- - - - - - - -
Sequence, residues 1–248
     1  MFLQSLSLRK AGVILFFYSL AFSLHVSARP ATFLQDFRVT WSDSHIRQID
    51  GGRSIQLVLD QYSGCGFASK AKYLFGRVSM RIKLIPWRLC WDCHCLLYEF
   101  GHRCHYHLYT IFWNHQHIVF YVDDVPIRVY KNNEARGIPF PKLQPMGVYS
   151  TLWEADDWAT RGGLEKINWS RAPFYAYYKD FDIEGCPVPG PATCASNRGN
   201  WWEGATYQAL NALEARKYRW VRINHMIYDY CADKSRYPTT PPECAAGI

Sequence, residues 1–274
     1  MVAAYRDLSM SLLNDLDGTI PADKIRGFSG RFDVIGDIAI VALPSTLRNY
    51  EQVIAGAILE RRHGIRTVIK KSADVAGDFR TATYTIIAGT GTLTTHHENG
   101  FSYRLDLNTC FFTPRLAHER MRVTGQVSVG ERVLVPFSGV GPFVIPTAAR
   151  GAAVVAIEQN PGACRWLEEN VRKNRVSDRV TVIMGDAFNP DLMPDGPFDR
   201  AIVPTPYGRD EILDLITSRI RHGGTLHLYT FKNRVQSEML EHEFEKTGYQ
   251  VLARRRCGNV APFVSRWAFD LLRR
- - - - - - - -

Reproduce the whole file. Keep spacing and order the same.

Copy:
Sequence, residues 1–248
     1  MFLQSLSLRK AGVILFFYSL AFSLHVSARP ATFLQDFRVT WSDSHIRQID
    51  GGRSIQLVLD QYSGCGFASK AKYLFGRVSM RIKLIPWRLC WDCHCLLYEF
   101  GHRCHYHLYT IFWNHQHIVF YVDDVPIRVY KNNEARGIPF PKLQPMGVYS
   151  TLWEADDWAT RGGLEKINWS RAPFYAYYKD FDIEGCPVPG PATCASNRGN
   201  WWEGATYQAL NALEARKYRW VRINHMIYDY CADKSRYPTT PPECAAGI

Sequence, residues 1–274
     1  MVAAYRDLSM SLLNDLDGTI PADKIRGFSG RFDVIGDIAI VALPSTLRNY
    51  EQVIAGAILE RRHGIRTVIK KSADVAGDFR TATYTIIAGT GTLTTHHENG
   101  FSYRLDLNTC FFTPRLAHER MRVTGQVSVG ERVLVPFSGV GPFVIPTAAR
   151  GAAVVAIEQN PGACRWLEEN VRKNRVSDRV TVIMGDAFNP DLMPDGPFDR
   201  AIVPTPYGRD EILDLITSRI RHGGTLHLYT FKNRVQSEML EHEFEKTGYQ
   251  VLARRRCGNV APFVSRWAFD LLRR